“Large particles allow a lot of air to circulate around the plant chunks, but breakdown is slow because microbes can act only on the outside, not on the inside of the large chunks. Particles chopped into smaller chunks increase the surface area for microbes to operate. Particles chopped too small will compact and restrict air flow. Moderate-sized plant pieces of 0.5 to 1.5 inches are the best size to use and can be produced by hand or machine shredding. Chop woody materials into a smaller size. Leave soft plant parts in larger pieces for effective composting. Fluff or turn the material with a pitchfork or aerator tool at regular intervals to provide additional aeration and distribute microbes throughout the compost.”

Green Cycler Kitchen Scrap Composter | www.ShockinglyDelicious.comIt’s like the Goldilocks principle – my scraps were too large, my compost smoothie was too small, but the Green Cycler produces shreds just the right size. The shreds I shoveled into the soil turned into composted soil in a couple of weeks. As I dug up the same area after a couple of weeks, there were no remnants to be found! Green Cycler Kitchen Scrap Composter |

Does it work? Do I need it?

I bring a lot of skepticism to new gadgets. Why do I need them? Can I just do the same task with something I already have? Does it make a real difference?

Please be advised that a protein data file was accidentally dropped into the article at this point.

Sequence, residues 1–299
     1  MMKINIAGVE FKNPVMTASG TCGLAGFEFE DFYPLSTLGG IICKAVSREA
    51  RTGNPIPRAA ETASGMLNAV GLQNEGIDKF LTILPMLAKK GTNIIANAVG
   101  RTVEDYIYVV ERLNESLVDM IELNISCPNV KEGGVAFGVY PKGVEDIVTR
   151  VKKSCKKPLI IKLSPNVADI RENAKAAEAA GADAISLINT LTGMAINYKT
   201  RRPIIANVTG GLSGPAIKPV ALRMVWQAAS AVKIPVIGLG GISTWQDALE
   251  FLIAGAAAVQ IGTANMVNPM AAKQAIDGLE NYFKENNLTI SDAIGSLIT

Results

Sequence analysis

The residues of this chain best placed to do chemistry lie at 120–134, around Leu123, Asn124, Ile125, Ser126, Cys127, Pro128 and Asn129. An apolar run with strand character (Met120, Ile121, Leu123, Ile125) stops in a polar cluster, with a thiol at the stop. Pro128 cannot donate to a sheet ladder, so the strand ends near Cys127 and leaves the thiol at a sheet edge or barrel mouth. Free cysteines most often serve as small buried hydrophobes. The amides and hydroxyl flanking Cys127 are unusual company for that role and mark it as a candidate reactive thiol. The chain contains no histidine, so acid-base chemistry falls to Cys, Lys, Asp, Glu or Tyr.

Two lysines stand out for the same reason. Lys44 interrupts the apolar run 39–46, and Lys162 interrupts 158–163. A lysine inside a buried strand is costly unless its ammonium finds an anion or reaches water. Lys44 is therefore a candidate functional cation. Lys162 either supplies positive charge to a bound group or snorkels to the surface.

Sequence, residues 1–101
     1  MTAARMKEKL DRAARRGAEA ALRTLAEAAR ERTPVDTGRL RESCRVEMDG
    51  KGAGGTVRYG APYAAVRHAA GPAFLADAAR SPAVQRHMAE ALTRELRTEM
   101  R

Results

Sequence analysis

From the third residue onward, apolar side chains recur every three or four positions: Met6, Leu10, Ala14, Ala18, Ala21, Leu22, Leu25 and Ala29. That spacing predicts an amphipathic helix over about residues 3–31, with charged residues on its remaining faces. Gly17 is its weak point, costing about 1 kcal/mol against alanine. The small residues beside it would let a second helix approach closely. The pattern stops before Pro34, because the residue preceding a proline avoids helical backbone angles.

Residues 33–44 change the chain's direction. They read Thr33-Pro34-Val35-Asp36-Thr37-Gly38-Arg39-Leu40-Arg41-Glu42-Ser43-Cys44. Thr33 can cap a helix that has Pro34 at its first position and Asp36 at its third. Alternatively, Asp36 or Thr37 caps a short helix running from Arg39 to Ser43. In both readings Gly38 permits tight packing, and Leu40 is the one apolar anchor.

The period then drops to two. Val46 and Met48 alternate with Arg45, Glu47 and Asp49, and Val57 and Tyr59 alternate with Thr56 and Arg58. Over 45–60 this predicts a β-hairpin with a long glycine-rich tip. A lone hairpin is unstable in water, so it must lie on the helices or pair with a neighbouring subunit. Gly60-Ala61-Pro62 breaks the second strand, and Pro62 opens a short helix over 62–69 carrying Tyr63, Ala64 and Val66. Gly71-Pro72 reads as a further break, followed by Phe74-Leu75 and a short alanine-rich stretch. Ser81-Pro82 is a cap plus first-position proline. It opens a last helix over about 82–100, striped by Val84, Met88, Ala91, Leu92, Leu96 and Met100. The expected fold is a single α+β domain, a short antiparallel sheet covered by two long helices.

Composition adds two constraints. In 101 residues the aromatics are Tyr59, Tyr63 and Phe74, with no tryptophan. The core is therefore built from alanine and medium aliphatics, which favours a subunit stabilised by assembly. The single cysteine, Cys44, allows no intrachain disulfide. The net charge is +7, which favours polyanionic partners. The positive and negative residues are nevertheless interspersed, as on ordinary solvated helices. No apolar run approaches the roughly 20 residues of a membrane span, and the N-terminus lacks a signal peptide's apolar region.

Yes, the Green Cycler works well, the hand crank is easy to use, and it is easy to clean and assemble.

I did really wonder whether I needed it since I have a blender. Couldn’t I just sort of blend up my trimmings? As I saw in my own use of it, shredding rather than blending gives the worms more to latch onto and eat, so it has made a palpable difference in my own composting.

I can’t really put food scraps/produce trimmings in a regular above-ground compost pile because I have critters in the backyard – raccoons, bunnies, the occasional deer – and they won’t leave food alone. So turning my scraps right into the soil once a week works best for me, and the Green Cycler makes this easy to shred them and store them.

The only issue I had with it was where to store the unit itself. Although many people apparently keep it on the countertop, my countertop real estate is spoken for, so I started out with it under my kitchen sink. This was a handy space, especially near to the kitchen sink and trash so I could direct the trimmings into the Green Cycler instead of the trash, but I ran into a problem.

My Southern California kitchen was too consistently warm and hospitable and I began growing a fleet of fruit flies in the Green Cycler. It was probably my own fault for leaving the shreds in there too long before taking them outside to dig under. So now I keep it outside on the covered patio, and all is well. Problem solved.

Gift: It would make a great gift for the green-minded and also for gardeners. Kids will like it because it is fun to load up and crank, and they can really get involved.

Composting is easy. It doesn’t have to get any more complicated than shredding your kitchen waste and shoveling it into a hole in the garden.

Will you pledge to do it along with me?

The Green Cycler sells for $119 and is available ONLINE at the following:

DisclosureThe Green Cycler sent a machine for review. My opinions are my own, and there was no expectation of a positive review.  

{ 2 comments… read them below or add one }

Rebekah Rose Hills January 7, 2015 at 10:42 am

We’ve just started composting again now that we’re settled at our new home – hoping to plant my very first garden this spring… getting excited! 🙂


Dorothy Reinhold January 7, 2015 at 10:53 am

There is SO MUCH that can be composted from the kitchen! Good luck!